It is strange to realize that you are perceiving your life as no longer your own, but a veneer over what is real. That is how life in this city feels to me now. It no longer reflects back to me my inner landscape, my values and priorities, as it once did. Home is an extension of our innermost soul, I have always thought. This place has been that to me, my entire life. Now? I don’t know. Only that being on the open road, singing songs to people each night, opening up portals of beauty and wonder and magic for people as we go, is the closest thing to that feeling I currently have.

All of you, whom we have sung and played for, and will sing and play for again; when I look out and see your faces, that is when I feel at home.

You are my home.


 

We are the Light Returning

Winter Solstice is upon us, and with it, themes of the returning light, of the glimmer of hope endured after hardship, and the general goodwill of humankind. I have always loved this time of year, and associate it with Return of the King-type sentiments. An epic journey completed, with the fruits of a long struggle at last beginning to shine through the darkness.

Of course, for us in California, this is kind of a joke. By the time we reach Winter Solstice, our epic journey through the darkness has been going on for all of 6 weeks. Oh the horror! The rain has barely gotten started by Solstice, if we get any at all.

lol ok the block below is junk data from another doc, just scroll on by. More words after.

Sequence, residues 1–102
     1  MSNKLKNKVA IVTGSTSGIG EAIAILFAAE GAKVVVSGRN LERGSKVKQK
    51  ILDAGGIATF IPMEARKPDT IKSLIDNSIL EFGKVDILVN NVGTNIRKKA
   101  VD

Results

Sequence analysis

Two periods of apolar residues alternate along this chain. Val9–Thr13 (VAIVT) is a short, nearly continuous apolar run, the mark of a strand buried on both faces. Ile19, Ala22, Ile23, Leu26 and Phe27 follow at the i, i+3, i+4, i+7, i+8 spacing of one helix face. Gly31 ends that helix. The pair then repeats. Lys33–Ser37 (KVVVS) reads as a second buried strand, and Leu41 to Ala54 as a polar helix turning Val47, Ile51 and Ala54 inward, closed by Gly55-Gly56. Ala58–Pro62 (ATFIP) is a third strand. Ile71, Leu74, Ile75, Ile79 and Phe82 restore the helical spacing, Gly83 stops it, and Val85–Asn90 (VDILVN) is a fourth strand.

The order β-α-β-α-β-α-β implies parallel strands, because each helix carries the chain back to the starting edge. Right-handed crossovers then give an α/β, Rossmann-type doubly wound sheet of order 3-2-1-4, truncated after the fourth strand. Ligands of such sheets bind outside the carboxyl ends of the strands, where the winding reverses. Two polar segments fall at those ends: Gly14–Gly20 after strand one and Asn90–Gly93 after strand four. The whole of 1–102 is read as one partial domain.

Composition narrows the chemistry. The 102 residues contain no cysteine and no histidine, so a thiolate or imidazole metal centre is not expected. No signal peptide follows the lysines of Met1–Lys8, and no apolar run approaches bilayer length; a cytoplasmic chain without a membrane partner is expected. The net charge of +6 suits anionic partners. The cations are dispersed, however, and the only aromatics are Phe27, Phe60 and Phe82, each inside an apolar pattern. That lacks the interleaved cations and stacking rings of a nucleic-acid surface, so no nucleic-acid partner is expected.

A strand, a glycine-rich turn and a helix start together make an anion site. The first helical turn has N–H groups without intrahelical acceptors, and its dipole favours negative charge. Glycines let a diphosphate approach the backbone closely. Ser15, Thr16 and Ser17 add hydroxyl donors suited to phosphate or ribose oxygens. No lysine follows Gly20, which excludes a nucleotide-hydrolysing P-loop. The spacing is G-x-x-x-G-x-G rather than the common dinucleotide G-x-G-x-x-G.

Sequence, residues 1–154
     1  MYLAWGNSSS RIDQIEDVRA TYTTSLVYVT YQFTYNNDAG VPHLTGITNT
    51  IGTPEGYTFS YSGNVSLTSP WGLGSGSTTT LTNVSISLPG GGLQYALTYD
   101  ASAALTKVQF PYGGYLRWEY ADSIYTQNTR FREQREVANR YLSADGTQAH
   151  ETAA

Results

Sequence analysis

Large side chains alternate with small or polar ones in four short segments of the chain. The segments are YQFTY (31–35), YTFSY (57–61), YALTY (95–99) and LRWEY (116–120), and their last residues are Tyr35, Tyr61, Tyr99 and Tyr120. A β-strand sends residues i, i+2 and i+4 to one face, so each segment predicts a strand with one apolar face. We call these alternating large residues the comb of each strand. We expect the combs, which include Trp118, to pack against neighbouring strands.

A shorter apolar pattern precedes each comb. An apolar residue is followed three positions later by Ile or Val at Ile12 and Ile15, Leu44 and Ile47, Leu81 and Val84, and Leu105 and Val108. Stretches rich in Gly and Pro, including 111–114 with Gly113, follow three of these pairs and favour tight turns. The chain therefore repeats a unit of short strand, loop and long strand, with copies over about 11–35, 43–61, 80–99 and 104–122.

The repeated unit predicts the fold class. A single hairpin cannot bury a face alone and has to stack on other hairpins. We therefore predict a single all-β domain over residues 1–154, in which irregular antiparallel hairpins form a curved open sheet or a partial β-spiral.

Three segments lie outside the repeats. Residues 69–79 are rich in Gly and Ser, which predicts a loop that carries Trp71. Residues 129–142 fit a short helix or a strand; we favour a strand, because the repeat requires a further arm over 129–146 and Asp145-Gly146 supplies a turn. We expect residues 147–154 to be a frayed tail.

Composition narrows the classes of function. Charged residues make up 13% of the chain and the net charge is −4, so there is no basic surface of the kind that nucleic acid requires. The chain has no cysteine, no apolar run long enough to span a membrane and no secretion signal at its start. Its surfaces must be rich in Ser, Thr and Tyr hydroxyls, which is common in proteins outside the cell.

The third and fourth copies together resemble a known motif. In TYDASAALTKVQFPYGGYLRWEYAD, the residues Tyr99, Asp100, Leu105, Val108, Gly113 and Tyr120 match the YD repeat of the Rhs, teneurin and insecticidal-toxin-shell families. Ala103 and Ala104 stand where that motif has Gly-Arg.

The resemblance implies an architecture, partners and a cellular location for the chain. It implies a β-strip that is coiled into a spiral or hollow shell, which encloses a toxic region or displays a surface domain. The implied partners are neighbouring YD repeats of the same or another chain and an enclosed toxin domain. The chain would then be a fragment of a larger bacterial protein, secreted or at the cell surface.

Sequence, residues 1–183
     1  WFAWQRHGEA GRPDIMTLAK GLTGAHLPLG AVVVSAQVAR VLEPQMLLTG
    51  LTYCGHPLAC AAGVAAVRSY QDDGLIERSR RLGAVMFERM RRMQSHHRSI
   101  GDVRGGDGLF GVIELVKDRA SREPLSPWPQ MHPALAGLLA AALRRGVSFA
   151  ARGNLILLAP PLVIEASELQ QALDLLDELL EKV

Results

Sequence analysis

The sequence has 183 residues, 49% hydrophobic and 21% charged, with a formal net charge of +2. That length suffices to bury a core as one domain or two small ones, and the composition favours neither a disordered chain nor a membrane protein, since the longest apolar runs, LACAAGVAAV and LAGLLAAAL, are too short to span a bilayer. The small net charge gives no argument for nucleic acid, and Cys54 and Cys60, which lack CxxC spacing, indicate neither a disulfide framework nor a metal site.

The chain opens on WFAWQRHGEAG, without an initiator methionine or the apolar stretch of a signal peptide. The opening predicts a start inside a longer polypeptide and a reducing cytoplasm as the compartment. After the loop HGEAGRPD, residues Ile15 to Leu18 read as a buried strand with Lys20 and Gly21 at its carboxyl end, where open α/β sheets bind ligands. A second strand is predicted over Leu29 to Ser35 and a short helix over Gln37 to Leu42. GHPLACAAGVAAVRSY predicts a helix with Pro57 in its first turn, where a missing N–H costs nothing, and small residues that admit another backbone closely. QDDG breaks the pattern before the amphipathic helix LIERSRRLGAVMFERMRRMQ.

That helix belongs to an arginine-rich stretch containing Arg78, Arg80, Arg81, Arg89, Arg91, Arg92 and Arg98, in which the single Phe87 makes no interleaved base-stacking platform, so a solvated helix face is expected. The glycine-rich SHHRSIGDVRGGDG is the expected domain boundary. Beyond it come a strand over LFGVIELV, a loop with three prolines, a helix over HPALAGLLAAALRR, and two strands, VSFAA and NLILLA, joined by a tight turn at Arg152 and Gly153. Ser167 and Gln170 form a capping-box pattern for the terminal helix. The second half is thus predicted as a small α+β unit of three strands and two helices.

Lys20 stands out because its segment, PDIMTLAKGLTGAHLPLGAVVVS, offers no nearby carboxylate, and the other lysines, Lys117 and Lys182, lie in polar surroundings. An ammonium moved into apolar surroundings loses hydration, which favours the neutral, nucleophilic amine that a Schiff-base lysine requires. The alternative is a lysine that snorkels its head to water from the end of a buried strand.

For this California girl, the Return of the Sun is something felt more as an internal process than as something that ties me to nature. It has always been more about the bleakness in the human soul, and the hope of return to a better life. This internal bleakness, I am sorry to say, is something we have a plentiful supply of.

My world has been seeming mighty bleak of late. I don’t know if events of the world are worse than usual or if it is just easier than ever to access a wide variety of news. Whatever the case, the human struggle has been hitting me pretty hard these past several weeks.

The woes of the world touch us all at different times, and different events trigger different people. Regardless of the what or when, we all know this feeling of bleakness, when it seems that no light touches us, but only a never-ending, grinding cruelty.